Whether or not it’s the truth, it’s starting to feel like Nintendo is putting the Switch out early to coincide with Zelda’s launch and not the other way around, as that game offers pretty much the only compelling reason to pick the console up at launch (that and the novelty of being an early adopter, of course). This is all just speculation, of course, but it seems like Nintendo has had Zelda ready to go for awhile now and needed to get it out, but also needed a big game for the Switch at launch — because, let’s face it, the Switch needs Zelda more than Zelda needs Switch right now — which led to the decision to put both out on March 3.
Unfortunately, Nintendo really has nothing else to offer Switch owners besides Zelda and maybe Super Bomberman R if they’re looking for a good party game, so why didn’t they just push the release date back a couple months so they could have more games and features ready? If Nintendo launched the Switch in May, for instance, they would not only have had at least one more strong first-party game in Mario Kart 8 Deluxe (currently scheduled for release April 28) but would have also had time to get things like the Virtual Console up-and-running, thus presenting a much more attractive product to consumers.
I think Nintendo is under a lot of pressure to get the Switch out before the end of their fiscal year to help bring in some revenue, as the 3DS alone just isn’t cutting it at this point (yes, I realize Nintendo has many other revenue streams, but the 3DS remains their biggest moneymaker at present). Unfortunately, what’s good for Nintendo isn’t necessarily good for consumers and I firmly believe that buying a Switch at launch is an unwise decision; even more so now with the news about the Virtual Console. Of course, it’s always beneficial to wait to buy a new piece of hardware, whether it’s a gaming console or the latest iPhone, but with the Switch, it’s like Nintendo is actively giving people reasons to hold off.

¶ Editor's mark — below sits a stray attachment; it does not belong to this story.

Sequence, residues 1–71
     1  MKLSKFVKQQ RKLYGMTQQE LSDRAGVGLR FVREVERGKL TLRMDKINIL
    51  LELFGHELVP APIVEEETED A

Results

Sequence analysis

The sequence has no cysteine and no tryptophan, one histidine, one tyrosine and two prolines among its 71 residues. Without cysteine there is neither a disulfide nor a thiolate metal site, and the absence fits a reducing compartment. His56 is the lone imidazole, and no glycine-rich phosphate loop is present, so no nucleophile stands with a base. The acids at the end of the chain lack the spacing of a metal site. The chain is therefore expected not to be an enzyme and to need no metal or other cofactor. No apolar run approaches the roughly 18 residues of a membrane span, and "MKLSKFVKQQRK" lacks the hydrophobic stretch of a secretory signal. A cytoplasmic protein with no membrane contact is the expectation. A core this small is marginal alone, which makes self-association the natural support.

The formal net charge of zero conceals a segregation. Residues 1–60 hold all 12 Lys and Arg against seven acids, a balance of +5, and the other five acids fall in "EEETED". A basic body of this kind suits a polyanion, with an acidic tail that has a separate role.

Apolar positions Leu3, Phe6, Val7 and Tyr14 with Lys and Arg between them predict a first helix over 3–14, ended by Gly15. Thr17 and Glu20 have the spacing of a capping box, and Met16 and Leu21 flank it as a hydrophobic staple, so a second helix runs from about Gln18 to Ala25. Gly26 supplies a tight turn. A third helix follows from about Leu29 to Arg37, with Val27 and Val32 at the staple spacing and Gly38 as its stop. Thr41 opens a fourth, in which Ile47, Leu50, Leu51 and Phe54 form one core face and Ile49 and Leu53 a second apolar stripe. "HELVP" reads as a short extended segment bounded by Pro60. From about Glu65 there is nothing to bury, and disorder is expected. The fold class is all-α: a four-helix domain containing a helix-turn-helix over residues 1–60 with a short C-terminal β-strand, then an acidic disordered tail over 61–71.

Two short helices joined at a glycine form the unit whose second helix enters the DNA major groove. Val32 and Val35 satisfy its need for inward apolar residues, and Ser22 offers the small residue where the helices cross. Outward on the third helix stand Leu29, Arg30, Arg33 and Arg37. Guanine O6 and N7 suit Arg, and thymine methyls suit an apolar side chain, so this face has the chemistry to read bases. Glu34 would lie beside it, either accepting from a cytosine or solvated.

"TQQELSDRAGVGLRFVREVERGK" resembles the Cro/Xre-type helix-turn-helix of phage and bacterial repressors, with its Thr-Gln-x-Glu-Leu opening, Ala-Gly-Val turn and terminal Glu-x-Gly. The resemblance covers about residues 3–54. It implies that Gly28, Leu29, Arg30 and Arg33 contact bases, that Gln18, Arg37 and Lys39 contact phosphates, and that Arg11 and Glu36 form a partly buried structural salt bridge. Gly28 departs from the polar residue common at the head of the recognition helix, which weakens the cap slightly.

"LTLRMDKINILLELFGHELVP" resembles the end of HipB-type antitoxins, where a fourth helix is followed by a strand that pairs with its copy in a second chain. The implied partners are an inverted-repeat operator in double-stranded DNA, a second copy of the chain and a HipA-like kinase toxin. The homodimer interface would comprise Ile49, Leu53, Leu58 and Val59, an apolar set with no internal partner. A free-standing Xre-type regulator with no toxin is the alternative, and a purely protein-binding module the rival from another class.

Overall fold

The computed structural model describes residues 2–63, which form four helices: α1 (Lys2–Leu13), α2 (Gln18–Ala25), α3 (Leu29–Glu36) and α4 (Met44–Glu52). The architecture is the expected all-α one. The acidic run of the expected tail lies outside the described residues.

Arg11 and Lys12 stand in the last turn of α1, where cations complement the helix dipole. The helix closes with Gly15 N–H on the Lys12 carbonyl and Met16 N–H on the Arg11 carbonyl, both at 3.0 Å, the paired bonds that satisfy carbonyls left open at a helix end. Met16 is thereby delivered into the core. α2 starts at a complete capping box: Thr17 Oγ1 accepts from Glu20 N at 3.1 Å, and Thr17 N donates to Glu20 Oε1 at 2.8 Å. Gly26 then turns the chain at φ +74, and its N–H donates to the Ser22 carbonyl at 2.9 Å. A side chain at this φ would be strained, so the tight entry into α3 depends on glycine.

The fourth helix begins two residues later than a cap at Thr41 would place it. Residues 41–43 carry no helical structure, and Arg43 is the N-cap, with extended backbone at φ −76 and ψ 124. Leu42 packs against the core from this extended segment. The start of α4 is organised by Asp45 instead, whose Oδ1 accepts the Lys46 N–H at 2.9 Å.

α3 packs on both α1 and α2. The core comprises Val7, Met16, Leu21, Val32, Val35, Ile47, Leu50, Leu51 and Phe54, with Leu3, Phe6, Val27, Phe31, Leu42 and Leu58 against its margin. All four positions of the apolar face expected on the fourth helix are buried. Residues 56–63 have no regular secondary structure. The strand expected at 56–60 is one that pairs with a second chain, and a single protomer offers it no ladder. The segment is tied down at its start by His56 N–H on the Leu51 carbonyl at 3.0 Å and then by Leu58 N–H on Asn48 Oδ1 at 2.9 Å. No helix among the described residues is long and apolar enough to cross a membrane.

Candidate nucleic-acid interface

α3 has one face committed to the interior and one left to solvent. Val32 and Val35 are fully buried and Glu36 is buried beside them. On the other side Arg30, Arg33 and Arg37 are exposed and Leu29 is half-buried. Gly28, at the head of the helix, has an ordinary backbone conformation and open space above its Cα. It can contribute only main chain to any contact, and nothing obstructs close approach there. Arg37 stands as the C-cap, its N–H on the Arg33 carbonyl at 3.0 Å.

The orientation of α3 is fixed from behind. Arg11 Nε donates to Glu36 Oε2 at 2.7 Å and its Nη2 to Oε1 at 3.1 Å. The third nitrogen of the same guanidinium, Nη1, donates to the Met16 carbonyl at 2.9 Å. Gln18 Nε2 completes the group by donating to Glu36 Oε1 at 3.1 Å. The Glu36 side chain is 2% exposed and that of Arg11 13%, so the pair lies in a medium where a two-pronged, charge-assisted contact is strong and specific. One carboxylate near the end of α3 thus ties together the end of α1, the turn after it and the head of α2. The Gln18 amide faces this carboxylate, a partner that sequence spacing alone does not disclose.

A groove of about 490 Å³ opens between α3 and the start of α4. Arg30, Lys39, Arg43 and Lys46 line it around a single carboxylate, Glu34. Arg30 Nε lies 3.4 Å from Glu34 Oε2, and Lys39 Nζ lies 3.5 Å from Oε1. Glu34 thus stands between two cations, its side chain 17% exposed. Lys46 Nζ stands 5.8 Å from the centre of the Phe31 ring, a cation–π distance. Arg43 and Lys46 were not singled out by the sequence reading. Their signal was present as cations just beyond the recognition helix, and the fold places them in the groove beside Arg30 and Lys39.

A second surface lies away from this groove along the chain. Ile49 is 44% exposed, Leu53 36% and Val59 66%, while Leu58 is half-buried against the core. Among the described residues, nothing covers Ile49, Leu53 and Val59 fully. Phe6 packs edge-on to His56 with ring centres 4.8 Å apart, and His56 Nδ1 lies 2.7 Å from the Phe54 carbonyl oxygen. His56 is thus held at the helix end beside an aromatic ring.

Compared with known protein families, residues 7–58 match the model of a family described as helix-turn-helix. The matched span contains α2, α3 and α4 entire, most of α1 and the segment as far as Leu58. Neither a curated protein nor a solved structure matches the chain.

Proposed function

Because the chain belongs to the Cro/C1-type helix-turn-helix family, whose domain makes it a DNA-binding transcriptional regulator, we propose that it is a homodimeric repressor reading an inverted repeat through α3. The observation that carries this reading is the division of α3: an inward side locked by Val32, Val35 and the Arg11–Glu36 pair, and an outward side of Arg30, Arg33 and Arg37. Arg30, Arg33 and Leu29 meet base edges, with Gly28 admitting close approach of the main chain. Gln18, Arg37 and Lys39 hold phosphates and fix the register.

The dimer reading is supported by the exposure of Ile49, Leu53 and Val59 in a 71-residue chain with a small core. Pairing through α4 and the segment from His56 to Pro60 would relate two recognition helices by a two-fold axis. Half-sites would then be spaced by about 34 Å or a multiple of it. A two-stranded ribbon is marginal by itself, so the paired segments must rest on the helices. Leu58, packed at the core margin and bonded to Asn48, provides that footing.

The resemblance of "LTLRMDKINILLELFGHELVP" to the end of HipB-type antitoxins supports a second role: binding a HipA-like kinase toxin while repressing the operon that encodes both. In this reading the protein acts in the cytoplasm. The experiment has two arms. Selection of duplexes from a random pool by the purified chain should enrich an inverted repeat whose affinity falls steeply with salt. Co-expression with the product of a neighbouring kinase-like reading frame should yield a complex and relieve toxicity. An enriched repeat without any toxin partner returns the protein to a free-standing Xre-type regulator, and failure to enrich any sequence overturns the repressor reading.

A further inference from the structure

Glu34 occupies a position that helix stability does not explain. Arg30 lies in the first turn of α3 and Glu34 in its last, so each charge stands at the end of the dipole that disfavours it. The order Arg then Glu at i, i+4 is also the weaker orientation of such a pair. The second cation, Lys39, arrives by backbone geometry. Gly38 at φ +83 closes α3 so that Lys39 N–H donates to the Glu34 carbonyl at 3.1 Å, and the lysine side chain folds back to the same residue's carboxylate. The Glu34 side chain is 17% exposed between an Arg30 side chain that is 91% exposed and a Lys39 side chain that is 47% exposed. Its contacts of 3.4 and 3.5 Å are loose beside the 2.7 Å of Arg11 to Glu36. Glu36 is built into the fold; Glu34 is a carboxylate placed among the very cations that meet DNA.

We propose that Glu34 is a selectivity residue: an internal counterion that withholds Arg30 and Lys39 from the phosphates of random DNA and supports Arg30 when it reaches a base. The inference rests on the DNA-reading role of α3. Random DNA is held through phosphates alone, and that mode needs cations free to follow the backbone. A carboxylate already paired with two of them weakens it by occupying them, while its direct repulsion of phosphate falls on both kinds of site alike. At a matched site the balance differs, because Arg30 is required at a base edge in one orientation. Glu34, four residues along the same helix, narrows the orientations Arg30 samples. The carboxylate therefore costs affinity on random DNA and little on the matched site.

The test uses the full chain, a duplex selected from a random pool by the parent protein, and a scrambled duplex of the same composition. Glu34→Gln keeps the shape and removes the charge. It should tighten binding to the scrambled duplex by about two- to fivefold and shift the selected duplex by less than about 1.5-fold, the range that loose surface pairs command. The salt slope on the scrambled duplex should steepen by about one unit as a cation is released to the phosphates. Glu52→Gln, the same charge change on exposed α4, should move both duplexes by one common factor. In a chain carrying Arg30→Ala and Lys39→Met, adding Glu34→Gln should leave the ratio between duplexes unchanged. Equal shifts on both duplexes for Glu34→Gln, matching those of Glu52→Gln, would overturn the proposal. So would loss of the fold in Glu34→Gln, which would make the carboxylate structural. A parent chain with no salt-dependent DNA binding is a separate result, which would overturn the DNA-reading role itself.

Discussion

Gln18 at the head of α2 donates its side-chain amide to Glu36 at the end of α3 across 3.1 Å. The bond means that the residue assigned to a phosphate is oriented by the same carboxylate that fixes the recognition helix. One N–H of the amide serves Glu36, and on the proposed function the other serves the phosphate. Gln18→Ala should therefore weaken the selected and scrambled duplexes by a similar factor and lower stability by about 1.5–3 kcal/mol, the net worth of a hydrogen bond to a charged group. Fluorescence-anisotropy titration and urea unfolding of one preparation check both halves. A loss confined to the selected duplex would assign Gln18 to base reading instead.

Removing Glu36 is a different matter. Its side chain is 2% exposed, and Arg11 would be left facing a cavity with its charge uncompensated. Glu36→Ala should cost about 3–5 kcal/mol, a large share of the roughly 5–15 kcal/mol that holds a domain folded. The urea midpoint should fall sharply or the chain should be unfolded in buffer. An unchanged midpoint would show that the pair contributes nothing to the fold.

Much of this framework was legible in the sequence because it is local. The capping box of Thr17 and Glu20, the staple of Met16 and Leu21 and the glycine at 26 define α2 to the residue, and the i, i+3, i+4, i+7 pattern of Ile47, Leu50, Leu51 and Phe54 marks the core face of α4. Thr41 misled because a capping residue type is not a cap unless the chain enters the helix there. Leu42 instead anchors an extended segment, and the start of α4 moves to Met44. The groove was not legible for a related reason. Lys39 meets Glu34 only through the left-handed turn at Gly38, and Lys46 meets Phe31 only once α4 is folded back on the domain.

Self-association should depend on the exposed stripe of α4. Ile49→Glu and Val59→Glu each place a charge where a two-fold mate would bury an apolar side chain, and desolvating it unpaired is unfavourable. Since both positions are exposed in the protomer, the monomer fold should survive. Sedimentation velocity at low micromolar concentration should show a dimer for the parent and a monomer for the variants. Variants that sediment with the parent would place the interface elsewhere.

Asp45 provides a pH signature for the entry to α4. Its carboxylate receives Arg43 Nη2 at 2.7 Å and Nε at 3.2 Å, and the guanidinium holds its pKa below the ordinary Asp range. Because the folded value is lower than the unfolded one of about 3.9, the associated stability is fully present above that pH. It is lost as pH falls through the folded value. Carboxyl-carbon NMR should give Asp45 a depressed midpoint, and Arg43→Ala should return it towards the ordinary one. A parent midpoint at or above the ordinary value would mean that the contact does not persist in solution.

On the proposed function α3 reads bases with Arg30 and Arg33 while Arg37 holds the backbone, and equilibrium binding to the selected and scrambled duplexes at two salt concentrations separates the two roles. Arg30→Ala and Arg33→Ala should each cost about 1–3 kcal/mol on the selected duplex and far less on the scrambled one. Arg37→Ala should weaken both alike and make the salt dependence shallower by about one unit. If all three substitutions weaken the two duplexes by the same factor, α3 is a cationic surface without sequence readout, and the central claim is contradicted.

I really don’t mean this to all come off as some sort of anti-Nintendo rant, as I do think anyone who picks up a Switch on launch day is going to have a lot of fun with the system, especially if they’re in a position to fully make use of its portable and multiplayer features. I just think that if you truly want a Switch, it’s better to wait a few months or even until the holiday season when Super Mario Odyssey is supposedly coming out (and if you haven’t pre-ordered one already, you probably won’t be able to get your hands on one for a few months anyway).
Hopefully, it doesn’t take Nintendo long to get things like Virtual Console on the Switch because if done properly (as in, having a ton of games available from the outset as opposed to the drip-feed release schedule they’ve been doing for years), it could be a potential system seller for the console, on top of other selling points like Zelda. However, until Nintendo decides they actually want to start communicating their larger plans for the console instead of burying them absentmindedly in press releases, I’m going to hold off on picking up the Switch and I highly recommend you do the same.